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Alliance for Diversity in Science and Engineering

ADSE Members

In the front row from left, Keon Garrett, Ellen Matson, Raven Osborn, and Antonio Tinoco Valencia; and in the back row from the left, Marian Ackun-Farmmer, Heta Gandhi, Adrian Molina Vargas, Shukree Abdul-Rashed, and Liz Daniele are among the founding members of the Rochester chapter of the Alliance for Diversity in Science and Engineering. (University of Rochester photo / J. Adam Fenster)

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Graduate students have banded together to form the University of Rochester chapter of the Alliance for Diversity in Science and Engineering (ADSE). The mission of the national ADSE, which was founded in 2014, is to increase the participation of underrepresented groups in academia, industry, and government through graduate student organizations that reach out to students and scientists of all ages and backgrounds.

Other ADSE chapters are at the University of California campuses at Berkeley and Davis, the University of Central Florida, the University of Colorado, Columbia University, Drexel University, Georgia Institute of Technology, University Maryland, New York University, Northeastern University, and Texas A&M.

Antonio Tinoco, the president and a founding member of the new chapter, says its immediate goals are twofold:

  • Establish a diversity lecture series to bring underrepresented faculty from other universities to Rochester. “It would be an opportunity for underrepresented minority students here to say ‘Wow, there’s someone out there like me who is making it, so maybe there’s hope for me.’” Underrepresented minority postdoctoral fellows would also be invited, especially ones who might be interested in eventually teaching here, Tinoco says.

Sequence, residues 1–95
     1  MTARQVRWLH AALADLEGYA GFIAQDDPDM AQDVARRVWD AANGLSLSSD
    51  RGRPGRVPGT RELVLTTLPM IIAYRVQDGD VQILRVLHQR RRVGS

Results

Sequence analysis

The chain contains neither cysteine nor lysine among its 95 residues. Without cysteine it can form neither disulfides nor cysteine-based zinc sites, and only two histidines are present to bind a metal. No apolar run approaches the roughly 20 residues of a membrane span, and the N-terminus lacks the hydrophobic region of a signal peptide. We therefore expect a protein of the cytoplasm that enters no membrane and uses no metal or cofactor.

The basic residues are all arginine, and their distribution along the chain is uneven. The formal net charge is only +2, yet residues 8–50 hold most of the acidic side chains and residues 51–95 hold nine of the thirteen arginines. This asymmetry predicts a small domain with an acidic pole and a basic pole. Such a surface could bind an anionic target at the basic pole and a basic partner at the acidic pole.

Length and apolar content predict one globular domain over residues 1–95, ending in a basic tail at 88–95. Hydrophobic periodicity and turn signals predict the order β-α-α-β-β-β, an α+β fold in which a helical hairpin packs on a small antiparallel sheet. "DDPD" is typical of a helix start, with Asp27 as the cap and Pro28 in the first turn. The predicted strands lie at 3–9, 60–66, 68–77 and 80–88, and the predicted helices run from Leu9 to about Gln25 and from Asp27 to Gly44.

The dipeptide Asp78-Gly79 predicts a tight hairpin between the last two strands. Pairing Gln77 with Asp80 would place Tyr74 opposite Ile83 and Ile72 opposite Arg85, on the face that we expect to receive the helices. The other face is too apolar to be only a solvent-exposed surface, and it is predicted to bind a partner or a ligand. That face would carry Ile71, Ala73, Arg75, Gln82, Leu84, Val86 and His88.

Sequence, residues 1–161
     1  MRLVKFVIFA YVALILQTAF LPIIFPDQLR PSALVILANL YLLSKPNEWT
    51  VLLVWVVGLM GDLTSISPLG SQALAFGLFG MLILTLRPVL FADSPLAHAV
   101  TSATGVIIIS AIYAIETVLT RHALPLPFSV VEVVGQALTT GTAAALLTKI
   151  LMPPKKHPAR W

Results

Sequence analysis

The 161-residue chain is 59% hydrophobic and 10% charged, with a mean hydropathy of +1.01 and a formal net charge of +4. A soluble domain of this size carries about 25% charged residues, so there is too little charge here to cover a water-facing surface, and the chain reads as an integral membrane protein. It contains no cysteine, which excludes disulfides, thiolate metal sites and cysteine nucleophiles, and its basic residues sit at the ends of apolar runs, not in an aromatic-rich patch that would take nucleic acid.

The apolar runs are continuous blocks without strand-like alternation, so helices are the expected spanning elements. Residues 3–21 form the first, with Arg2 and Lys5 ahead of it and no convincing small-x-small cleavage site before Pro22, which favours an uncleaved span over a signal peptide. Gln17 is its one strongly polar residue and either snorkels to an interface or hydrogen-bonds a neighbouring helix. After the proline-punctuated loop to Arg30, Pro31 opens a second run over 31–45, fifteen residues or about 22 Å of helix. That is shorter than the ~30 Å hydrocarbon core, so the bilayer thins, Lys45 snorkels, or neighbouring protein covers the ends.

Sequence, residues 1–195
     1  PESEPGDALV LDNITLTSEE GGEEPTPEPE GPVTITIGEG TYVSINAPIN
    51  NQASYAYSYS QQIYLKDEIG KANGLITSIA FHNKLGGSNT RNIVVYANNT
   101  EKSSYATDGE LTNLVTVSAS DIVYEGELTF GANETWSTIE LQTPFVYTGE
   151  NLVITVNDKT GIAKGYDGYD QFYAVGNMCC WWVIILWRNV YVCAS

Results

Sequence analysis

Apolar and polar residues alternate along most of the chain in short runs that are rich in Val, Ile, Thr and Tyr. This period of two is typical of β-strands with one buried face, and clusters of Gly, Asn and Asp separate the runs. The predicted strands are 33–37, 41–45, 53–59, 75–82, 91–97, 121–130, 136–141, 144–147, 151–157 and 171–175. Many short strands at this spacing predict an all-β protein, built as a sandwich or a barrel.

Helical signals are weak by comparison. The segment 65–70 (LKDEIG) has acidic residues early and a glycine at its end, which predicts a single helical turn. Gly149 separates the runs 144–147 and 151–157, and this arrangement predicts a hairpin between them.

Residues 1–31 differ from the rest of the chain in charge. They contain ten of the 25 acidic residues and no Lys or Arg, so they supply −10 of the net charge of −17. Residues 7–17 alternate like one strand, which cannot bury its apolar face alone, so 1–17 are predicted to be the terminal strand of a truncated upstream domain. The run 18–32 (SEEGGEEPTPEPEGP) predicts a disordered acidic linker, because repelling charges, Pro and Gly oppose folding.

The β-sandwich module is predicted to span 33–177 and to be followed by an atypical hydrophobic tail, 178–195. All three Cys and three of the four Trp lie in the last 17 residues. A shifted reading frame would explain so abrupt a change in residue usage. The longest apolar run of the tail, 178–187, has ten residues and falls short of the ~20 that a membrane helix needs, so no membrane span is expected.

• Provide a space where underrepresented graduate students in STEM fields from across the University can meet, network, and hold workshops and panels to openly discuss the issues they face. “If we can openly discuss these things, we won’t feel as isolated,” Tinoco says.

The chapter has been certified by the University and receives funding through the University’s David T. Kearns Center for Leadership and Diversity. ADSE’s goals fall well within the Kearns Center’s mission to expand the educational pipeline through the doctoral degree for low-income, first-generation college, and underrepresented minority students, says Liz Daniele, the center’s assistant director for graduate diversity.

To join the University of Rochester chapter of ADSE or learn more, please email adserochester@gmail.com or contact GSS's liaison Adrian Molina Vargas.